Zivotofsky confirms no per se rule renders a claim nonjusticiable solely because it implicates foreign relations. Rather, it recognizes that, in foreign policy cases, courts must first ascertain if “[t]he federal courts are . . . being asked to supplant a foreign policy decision of the political branches with the courts’ own unmoored determination” or, instead, merely tasked with, for instance, the “familiar judicial exercise” of determining how a statute should be interpreted or whether it is constitutional. Id. at 196. In the latter case, the claim is justiciable. Id.; see also Japan Whaling Ass’n v. Am. Cetacean Soc’y, 478 U.S. at 229–30 (stating not “every case or controversy which touches foreign relations lies beyond judicial cognizance[,]” and emphasizing “courts have the authority to construe treaties[,] . . . executive agreements, and . . . congressional legislation” and to address other “purely legal question[s] of statutory interpretation” in the foreign policy realm). Therefore, if the court is called upon to serve as “a forum for reconsidering the wisdom of discretionary decisions made by the political branches in the realm of foreign policy or national security[,]” then the political question doctrine is implicated, and the court cannot proceed. El–Shifa, 607 F.3d at 842.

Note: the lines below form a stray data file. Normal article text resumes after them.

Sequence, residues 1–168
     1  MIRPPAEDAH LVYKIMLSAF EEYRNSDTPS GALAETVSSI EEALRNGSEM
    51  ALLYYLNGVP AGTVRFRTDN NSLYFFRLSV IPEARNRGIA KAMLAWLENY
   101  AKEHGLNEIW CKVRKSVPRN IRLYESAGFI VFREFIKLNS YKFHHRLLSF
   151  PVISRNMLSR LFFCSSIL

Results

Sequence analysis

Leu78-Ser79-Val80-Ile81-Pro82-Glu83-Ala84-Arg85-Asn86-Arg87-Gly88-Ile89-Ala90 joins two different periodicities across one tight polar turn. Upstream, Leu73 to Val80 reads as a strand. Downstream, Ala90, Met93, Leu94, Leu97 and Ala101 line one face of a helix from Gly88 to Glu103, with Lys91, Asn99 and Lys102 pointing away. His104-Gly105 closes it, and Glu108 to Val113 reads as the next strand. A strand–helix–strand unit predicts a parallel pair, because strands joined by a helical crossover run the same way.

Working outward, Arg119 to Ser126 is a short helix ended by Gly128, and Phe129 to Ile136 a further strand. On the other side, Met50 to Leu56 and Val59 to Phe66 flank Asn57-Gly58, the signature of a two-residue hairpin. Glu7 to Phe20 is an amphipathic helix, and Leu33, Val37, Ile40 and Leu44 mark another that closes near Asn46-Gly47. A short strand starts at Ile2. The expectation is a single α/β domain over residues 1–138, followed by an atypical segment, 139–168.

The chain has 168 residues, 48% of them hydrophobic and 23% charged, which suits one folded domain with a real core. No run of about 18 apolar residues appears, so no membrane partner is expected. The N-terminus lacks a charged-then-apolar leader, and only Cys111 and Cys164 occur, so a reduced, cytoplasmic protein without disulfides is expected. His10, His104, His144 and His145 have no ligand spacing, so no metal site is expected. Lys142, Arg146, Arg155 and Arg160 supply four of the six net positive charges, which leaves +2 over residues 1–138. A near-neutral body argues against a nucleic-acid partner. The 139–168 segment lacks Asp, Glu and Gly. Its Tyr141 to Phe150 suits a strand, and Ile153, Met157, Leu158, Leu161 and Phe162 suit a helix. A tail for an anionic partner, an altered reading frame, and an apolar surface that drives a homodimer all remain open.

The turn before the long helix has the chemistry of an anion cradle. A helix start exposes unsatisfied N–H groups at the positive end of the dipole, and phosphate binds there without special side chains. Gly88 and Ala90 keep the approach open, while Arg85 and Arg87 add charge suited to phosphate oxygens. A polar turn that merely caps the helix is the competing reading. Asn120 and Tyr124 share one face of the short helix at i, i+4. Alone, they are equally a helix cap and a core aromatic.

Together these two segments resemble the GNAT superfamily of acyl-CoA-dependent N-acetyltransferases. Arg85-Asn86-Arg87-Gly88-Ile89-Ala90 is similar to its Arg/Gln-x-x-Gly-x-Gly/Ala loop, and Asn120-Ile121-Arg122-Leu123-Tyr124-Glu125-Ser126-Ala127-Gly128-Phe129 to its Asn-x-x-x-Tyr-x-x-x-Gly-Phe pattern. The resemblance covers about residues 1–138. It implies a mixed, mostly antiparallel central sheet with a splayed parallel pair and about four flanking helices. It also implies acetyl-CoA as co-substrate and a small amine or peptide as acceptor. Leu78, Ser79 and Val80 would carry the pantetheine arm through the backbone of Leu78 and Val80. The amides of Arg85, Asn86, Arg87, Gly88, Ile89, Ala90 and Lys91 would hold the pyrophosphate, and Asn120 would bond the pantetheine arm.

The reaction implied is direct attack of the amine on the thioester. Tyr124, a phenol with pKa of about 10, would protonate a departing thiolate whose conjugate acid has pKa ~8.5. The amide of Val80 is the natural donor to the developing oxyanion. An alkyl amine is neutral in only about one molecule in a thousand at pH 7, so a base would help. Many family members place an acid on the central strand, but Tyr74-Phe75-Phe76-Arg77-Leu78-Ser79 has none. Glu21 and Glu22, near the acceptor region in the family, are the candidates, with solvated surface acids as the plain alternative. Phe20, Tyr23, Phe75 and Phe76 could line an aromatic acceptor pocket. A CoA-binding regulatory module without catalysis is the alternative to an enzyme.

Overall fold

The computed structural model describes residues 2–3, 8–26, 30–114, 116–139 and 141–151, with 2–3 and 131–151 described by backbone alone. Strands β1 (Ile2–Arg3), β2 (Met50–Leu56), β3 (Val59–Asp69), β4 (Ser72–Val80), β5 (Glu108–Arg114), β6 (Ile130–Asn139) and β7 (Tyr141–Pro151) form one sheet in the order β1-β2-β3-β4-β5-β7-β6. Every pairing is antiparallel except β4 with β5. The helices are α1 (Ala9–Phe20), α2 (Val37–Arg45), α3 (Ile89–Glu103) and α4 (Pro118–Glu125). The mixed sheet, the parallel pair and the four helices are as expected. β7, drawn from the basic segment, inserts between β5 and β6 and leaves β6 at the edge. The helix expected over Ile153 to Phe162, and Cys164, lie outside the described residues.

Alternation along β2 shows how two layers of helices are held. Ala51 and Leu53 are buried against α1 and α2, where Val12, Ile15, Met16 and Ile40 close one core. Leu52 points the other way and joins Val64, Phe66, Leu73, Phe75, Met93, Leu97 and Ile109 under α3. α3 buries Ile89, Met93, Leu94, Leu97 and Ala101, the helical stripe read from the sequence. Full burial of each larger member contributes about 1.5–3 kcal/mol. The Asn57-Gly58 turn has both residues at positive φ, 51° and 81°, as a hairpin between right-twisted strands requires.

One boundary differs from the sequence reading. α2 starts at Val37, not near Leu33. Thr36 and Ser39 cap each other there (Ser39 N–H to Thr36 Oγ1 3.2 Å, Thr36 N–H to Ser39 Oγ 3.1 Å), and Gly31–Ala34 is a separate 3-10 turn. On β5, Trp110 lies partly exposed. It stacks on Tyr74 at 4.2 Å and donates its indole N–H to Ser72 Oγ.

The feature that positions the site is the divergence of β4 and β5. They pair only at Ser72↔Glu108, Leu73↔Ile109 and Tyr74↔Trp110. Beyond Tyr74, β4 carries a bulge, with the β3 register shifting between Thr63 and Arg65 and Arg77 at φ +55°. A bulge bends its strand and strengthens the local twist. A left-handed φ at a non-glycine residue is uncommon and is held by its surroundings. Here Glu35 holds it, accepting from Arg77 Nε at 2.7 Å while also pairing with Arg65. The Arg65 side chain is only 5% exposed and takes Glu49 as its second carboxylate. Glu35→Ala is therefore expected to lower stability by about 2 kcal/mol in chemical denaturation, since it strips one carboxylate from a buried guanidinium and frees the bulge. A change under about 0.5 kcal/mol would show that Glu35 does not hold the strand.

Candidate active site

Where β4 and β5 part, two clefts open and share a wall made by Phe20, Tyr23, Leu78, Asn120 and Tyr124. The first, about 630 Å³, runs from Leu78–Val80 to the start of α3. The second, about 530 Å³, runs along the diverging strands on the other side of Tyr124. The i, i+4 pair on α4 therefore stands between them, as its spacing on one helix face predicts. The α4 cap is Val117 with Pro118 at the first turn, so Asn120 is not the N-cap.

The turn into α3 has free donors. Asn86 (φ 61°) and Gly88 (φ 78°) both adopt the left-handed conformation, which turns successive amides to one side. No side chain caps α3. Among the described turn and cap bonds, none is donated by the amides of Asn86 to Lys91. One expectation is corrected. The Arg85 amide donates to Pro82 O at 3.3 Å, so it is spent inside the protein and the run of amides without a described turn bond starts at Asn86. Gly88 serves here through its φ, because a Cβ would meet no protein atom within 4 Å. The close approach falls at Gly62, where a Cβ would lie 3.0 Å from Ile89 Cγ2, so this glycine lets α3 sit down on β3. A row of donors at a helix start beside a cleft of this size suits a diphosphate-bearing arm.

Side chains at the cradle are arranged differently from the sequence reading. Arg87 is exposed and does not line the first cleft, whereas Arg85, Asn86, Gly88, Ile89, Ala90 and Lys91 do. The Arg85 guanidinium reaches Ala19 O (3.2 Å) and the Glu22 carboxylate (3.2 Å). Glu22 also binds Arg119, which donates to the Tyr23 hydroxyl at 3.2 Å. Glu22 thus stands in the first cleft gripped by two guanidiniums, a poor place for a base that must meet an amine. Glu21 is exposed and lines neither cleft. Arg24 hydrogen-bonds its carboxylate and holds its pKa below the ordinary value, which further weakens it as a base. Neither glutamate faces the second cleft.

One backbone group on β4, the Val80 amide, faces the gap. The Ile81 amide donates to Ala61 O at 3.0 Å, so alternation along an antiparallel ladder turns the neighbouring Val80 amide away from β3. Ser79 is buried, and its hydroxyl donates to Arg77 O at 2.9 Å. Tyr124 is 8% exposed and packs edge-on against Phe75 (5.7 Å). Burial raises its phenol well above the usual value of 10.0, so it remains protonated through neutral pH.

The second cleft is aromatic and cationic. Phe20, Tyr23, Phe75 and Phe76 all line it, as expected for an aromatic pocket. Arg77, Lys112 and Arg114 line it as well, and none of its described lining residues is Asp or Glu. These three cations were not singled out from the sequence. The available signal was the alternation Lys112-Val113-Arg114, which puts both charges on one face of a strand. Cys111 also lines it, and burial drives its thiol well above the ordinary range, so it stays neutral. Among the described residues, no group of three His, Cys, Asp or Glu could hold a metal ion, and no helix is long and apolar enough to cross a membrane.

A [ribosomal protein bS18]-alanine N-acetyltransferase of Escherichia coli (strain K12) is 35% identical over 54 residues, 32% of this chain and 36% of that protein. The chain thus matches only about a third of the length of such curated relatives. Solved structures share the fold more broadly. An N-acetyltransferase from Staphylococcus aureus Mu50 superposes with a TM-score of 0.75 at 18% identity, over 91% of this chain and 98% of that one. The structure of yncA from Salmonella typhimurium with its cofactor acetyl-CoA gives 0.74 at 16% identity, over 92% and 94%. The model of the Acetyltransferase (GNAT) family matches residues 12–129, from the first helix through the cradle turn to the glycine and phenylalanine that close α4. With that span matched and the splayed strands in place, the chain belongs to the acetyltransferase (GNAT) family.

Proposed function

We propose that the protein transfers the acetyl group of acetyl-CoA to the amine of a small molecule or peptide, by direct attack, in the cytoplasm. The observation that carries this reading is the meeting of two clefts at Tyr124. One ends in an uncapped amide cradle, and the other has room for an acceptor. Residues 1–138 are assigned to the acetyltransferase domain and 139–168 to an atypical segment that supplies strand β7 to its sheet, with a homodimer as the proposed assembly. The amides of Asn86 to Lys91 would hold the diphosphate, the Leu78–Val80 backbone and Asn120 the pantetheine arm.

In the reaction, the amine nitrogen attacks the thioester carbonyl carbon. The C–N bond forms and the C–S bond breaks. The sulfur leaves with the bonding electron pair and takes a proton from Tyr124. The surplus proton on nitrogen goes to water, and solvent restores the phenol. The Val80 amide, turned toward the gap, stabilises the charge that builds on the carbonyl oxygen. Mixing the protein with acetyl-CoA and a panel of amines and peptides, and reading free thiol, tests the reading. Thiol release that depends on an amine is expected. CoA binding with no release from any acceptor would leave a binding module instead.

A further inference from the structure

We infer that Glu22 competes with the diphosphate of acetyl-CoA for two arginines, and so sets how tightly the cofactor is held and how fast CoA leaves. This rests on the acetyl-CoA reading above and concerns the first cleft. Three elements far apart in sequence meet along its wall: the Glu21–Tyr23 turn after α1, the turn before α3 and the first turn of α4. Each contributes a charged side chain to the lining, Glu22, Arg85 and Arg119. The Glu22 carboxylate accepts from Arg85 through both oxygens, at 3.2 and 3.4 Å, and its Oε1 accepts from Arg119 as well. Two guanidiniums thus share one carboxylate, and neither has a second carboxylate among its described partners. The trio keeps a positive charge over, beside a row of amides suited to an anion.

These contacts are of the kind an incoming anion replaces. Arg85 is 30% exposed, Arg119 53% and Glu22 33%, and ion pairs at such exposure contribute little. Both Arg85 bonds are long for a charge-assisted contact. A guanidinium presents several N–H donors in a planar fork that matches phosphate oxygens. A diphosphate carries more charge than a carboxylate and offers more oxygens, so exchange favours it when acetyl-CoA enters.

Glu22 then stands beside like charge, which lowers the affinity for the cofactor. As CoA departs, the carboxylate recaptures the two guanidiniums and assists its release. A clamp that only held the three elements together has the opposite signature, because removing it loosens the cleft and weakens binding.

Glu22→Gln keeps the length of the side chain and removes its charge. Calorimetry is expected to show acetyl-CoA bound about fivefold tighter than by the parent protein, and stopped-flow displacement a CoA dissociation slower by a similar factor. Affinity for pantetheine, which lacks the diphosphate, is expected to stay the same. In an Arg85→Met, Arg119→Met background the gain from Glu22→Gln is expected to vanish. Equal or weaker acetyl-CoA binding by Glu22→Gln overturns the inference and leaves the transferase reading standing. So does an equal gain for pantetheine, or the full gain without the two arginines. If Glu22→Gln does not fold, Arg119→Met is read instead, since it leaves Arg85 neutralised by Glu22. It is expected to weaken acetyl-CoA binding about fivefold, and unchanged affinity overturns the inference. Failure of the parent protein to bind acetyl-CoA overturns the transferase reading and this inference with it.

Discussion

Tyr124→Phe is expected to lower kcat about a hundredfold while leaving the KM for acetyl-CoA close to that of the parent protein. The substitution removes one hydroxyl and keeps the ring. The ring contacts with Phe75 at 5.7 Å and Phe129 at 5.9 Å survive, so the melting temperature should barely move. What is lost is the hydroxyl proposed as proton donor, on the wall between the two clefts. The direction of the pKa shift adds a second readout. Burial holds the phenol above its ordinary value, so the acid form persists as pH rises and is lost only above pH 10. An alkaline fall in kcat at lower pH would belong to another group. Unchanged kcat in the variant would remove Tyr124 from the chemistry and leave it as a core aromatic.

Zivotofsky sought only to enforce a statute alleged to directly regulate the Executive, and the reviewing court needed to determine only “if Zivotofsky’s interpretation of the statute [was] correct, and whether the statute [was] constitutional.” Zivotofsky, 566 U.S. at 196. 2 The Court was not called upon to impose its own foreign policy judgment on the political branches, only to say whether the congressional statute encroached on the Executive’s constitutional authority. This is the wheelhouse of the Judiciary, and accordingly, it does not constitute a nonjusticiable political question. Here, however, Plaintiffs assert claims under the TVPA and ATS that would require the Court to second-guess the wisdom of the Executive’s decision to employ lethal force against a national security target—to determine, among other things, whether an “urgent military purpose or other emergency justified” a particular drone strike. JA 10. Indeed, Plaintiffs’ request is more analogous to an action challenging the Secretary of State’s independent refusal to recognize Israel as the rightful sovereign of the city of Jerusalem, a decision clearly committed to executive discretion.